There is a perceived toughness of drivers in the trucking industry, and seasoned veterans know you need to have thick skin to do the job, but there is another side to life on the road. Due to the nature of trucking, studies show that drivers face increased challenges, such as loneliness (27.9%), depression (26.9%), chronic sleep disturbances (20.6%), anxiety (14.5%), and other emotional problems (13%). With approximately 3.5 million professional truck drivers in the United States, according to estimates by the American Trucking Association, truck drivers must understand they are not alone in their struggles. Many people, from children to adults, struggle with mental health needs, and as our society increases its awareness of these needs, the availability of support resources improves.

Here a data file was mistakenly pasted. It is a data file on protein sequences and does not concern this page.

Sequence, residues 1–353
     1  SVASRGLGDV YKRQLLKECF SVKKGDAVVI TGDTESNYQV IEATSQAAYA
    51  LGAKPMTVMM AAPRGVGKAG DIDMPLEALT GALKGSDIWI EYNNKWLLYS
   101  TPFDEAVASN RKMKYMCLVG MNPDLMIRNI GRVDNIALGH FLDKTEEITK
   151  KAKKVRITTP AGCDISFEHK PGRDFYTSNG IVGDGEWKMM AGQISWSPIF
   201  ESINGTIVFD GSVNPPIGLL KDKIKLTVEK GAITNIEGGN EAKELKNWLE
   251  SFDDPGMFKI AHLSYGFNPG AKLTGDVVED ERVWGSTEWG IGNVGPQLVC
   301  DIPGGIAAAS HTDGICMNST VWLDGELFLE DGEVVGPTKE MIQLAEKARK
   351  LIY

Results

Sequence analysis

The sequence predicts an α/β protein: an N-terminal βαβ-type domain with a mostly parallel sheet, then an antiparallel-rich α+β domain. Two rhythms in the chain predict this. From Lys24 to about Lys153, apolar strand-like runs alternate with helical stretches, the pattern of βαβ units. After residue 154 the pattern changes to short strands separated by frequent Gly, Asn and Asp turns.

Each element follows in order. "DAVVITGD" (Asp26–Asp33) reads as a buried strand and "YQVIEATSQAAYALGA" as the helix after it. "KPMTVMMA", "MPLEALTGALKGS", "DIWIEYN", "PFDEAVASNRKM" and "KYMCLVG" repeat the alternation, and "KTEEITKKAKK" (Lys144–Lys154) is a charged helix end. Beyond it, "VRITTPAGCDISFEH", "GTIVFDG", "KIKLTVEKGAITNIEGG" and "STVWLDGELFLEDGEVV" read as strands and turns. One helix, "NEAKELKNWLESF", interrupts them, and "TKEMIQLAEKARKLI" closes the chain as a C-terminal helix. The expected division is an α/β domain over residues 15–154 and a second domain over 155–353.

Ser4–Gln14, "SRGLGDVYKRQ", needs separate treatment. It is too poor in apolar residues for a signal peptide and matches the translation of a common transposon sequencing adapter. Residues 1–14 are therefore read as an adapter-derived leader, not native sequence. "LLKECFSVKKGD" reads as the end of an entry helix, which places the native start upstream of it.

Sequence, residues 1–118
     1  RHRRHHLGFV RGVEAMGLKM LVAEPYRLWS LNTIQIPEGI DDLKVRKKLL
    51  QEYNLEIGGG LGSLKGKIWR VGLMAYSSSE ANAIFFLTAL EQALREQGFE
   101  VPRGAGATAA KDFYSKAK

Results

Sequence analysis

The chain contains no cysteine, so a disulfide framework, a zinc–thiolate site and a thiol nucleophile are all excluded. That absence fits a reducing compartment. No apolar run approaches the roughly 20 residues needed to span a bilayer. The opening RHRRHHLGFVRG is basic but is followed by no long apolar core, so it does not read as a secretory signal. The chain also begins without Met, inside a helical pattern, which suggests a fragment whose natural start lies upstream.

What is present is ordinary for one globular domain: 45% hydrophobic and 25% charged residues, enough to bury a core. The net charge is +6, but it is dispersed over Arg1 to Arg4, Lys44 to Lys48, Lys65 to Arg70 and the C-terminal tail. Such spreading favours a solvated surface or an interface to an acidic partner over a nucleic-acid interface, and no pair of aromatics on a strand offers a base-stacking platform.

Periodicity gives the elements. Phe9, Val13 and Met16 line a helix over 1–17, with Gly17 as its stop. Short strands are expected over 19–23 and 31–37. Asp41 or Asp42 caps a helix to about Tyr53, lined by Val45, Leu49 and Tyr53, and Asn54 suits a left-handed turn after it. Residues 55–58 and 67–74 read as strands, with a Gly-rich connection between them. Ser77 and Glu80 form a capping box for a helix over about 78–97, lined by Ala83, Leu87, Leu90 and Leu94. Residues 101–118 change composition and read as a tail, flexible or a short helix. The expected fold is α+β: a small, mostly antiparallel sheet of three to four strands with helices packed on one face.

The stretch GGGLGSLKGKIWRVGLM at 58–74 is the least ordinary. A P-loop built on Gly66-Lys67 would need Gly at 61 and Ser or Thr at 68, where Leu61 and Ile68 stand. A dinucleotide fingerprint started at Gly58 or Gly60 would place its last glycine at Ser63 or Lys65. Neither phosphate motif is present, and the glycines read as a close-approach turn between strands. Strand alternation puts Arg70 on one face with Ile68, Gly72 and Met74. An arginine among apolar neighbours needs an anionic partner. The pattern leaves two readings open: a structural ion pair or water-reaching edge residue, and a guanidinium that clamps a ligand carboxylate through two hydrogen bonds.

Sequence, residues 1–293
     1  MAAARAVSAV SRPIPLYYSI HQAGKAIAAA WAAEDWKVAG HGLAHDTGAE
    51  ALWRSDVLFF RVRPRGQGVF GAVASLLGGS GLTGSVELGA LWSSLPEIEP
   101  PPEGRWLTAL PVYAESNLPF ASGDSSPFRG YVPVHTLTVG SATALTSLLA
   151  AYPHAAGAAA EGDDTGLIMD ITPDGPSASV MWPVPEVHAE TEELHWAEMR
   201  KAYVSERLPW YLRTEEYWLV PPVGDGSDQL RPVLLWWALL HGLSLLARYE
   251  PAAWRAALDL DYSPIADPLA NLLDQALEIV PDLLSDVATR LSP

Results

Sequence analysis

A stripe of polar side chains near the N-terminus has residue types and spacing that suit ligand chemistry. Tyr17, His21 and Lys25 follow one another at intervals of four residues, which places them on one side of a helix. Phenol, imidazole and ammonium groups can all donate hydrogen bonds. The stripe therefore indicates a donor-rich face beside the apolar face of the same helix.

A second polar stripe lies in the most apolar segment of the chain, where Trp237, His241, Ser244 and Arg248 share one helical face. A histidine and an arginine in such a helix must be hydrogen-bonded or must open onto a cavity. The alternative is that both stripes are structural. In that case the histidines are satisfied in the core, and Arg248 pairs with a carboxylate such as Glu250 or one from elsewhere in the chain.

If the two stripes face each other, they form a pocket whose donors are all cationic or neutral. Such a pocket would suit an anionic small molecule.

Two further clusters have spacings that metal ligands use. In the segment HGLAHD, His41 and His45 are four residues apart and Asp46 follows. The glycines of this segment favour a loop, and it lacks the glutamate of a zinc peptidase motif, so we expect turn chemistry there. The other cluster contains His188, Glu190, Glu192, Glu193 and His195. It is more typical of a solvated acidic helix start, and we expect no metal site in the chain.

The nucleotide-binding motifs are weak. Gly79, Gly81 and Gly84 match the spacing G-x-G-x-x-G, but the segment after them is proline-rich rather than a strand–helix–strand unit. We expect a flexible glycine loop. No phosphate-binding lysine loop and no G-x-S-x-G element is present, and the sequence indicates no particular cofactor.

Listed below are four common issues truck drivers face that can affect mental health.
We all need to take mental health seriously. If you, a friend, or family member is affected, they need to know they are not alone in their struggles. If any symptoms of depression are occurring, it’s time to seek professional help. Free helplines are available, and people call them for a variety of reasons. Most reach out when they are feeling overwhelmed, in crisis, or at risk of doing something they would later regret.
Helpline resources include: